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Mission UP : Prashant Kishor facing problems galore in his attempt to revive state Congress

Prashant Kishor wants to try all tricks in his book to revive the Congress party in India’s most populous and electorally crucial state but he is not getting the desired support from the Congress cadre.
Raj Singh April 28, 2016 18:49 IST
Raj Singh

New Delhi:  Everybody agrees that Uttar Pradesh Assembly elections will be the litmus test for the managerial prowess of master strategist Prashant Kishor.

Prashant Kishor, to his credit, loves to take challenges. The way he first formulated and then executed to perfection the communication strategy for Narendra Modi’s 2014 Lok Sabha campaign has become a case study for the students of electoral communication. After all, who had expected Modi to win 282 seats?  
Similarly, Prashant Kishor’s role in facilitating the victory of Bihar Chief Minister Nitish Kumar in 2015Assembly elections is also no less significant. In this case, Kishor not only devised Nitish Kumar’s communication strategy but also resolved differences between Kumar and Lalu Prasad paving the way for the hat-trick of Nitish-led government in the state. It was a confident Kishor who used to tell both Nitish and Lalu that the alliance is poised to get a comfortable majority in Assembly when  the duo was worried over majority of pre-poll surveys either predicting a neck-to-neck fight or an outright NDA victory.
When Rahul Gandhi asked Prashant to handle UP and bring life into almost a moribund Congress, Kishor was excited and agreed to take up the challenge. He was confident that he would change the fortunes of the grand old party of Indian polity which is out of power in the state for 27 years now. Little did he know that he will have to face roadblocks right from day 1, and that too, not from the political opponents of Congress but the Congress leaders themselves.

Read Also: Can Prashant Kishor guide a demoralised Congress to victory in Uttar Pradesh after 27-long years?

If reports emanating from Uttar Pradesh are to be believed then the biggest challenge that Prashant Kishor is facing in the state is that the he is not getting whole-hearted support of the party cadre and  senior leaders, especially those who are considered to be close to Gandhi family.

According to a recent media report, Prashant Kishor sought feedback on a questionnaire from all Assembly constituencies. What came as a shock to Prashant was the fact that three Assembly constituencies refused to send the feedback. There is no prize to guess which these constituencies are. They are all pocket boroughs of Gandhi family members.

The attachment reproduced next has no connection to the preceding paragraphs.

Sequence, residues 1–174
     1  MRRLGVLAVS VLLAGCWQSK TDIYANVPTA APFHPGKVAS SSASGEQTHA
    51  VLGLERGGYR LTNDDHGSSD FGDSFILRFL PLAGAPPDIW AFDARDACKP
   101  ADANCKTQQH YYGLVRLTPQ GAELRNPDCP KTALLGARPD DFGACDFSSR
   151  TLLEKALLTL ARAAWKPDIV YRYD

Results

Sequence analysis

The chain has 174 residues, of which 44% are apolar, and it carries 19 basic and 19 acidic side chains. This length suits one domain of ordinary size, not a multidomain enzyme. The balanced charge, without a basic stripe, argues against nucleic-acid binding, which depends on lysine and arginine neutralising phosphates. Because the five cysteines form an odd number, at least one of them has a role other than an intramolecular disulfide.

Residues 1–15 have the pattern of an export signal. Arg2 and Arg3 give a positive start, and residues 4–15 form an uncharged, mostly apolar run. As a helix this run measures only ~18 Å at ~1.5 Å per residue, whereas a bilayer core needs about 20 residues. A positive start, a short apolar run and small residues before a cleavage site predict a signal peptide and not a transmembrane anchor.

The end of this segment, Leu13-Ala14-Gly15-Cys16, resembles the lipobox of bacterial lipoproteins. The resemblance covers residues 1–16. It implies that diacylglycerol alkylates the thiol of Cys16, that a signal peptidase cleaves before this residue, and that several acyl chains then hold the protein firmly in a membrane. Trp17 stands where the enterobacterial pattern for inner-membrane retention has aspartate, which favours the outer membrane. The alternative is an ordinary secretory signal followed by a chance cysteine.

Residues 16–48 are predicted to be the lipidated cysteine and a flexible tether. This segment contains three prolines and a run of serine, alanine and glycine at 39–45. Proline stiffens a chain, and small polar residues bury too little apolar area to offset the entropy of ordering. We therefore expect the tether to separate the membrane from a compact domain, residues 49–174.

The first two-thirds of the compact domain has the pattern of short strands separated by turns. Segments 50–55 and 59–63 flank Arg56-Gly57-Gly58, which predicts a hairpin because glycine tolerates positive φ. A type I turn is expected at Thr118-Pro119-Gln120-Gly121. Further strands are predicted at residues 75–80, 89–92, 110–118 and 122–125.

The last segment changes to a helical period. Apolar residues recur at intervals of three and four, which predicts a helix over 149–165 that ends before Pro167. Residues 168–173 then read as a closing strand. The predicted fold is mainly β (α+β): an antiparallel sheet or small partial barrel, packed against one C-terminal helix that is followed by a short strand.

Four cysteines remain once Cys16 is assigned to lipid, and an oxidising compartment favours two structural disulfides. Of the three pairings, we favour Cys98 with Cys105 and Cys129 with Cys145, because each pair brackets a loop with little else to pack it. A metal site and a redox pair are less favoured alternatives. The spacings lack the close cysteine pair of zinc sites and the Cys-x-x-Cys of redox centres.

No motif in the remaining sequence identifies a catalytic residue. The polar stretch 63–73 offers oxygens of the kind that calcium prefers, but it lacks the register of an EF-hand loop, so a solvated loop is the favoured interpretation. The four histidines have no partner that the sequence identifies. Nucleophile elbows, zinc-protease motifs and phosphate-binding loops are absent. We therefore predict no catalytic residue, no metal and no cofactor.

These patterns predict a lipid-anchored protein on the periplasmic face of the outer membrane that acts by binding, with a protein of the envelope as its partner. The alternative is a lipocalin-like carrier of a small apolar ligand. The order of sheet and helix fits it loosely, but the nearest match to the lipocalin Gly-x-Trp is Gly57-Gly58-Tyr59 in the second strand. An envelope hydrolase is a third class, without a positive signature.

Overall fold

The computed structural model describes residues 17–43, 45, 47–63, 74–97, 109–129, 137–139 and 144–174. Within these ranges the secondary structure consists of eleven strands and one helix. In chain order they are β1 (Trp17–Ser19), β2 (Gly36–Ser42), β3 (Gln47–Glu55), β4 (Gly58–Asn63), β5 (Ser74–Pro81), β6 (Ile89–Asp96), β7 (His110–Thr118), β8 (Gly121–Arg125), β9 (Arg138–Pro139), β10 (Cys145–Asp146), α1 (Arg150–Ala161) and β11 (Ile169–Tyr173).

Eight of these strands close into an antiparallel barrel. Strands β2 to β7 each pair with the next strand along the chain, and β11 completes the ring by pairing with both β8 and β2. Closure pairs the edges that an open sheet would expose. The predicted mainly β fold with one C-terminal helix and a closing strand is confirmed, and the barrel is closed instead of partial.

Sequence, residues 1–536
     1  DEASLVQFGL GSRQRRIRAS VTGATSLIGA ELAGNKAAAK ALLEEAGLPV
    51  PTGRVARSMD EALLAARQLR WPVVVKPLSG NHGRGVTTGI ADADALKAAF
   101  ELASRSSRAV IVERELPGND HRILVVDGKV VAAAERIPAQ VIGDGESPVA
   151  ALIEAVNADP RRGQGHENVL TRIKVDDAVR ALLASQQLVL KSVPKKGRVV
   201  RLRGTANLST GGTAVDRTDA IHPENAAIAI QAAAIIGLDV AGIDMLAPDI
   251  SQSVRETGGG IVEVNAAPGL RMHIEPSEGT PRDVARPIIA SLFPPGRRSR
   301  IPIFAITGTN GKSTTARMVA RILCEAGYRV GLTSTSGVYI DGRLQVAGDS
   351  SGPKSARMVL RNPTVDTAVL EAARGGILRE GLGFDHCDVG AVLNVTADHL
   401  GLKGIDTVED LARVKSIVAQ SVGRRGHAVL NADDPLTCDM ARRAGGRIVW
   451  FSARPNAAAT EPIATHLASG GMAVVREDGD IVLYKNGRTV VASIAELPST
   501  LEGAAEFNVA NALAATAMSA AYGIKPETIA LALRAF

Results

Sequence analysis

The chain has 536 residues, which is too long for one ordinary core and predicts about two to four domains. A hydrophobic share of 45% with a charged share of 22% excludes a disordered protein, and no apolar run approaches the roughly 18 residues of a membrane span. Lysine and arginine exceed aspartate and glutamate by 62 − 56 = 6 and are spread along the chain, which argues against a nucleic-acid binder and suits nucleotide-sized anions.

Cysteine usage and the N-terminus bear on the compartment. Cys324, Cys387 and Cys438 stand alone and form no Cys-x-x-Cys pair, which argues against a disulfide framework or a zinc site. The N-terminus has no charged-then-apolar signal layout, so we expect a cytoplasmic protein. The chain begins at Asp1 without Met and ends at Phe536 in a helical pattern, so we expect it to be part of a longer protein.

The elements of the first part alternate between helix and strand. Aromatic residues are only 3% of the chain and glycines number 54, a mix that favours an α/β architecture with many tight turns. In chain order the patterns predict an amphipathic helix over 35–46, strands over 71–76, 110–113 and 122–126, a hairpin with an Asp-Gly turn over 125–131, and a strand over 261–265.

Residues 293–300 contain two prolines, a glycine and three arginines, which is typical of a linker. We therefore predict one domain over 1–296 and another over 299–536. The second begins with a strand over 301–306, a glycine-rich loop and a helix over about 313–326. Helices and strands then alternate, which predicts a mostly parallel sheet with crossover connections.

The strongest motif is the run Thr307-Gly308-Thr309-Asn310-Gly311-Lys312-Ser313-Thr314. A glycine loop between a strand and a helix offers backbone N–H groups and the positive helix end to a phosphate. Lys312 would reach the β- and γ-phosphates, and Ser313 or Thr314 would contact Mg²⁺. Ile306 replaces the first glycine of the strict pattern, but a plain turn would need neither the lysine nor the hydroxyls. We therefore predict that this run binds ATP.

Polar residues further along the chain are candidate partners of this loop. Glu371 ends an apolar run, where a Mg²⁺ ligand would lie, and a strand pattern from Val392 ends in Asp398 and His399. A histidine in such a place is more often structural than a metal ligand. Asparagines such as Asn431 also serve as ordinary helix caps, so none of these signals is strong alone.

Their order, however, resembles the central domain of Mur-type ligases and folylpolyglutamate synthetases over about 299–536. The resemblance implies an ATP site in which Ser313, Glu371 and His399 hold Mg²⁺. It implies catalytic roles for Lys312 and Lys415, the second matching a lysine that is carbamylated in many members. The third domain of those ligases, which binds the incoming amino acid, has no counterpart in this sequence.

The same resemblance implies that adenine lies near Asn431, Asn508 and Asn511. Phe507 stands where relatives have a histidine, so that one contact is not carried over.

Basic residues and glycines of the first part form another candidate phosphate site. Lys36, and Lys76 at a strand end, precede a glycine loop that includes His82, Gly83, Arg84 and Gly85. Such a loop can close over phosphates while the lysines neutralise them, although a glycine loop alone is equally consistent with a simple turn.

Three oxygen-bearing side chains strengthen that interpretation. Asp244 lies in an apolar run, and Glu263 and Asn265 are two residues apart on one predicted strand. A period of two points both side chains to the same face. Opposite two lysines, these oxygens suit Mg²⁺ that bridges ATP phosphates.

The Assembly constituencies of Amethi, Rae Bareli and Sultanpur refused to   respond by pointing out that the grass root cadres of these constituencies are personally selected by Gandhi family members and they don’t need to participate in such an exercise.

The question is that if this is going to be the attitude of cadres who, obviously, are finding it difficult to obey the dictates of an ‘outsider’ like Kishor then how would he succeed in motivating party workers all across the state.

UP Congress is known for its factionalism. If the Assembly constituencies considered to be fiefdoms of Gandhi family members refuse to cooperate with Kishor then would it not send wrong signals to party workers of other constituencies?

One of the suggestions that Prashant Kishor reportedly gave for the the revival of Congress underlined the need for senior Congress leaders like Sri Prakash Jaiswal to contest Assembly elections which they flatly refused.

Kishor’s  most interesting suggestion is regarding Priyanka Gandhi. Prashant Kishor wants Priyanka Gandhi to lead Congress party’s election campaign in UP if the party has to touch the 100 plus benchmark. Unfortunately for Kishor, here again, he is facing resistance from the old guards who fancy her chances to win a national election and that’s the reason they are not willing to restrict her to UP alone.

In nutshell, Prashant Kishor wants to try all tricks in his book to revive the Congress party in India’s most populous and electorally crucial state but he is not getting the desired  support from the Congress cadre who are yet to start treating him as ‘one of their own’.

As of now, Kishor is facing problems galore as far his Mission UP is concerned and things may change only if Rahul Gandhi himself intervenes and gives Kishor all the support that he needs. Will he do that?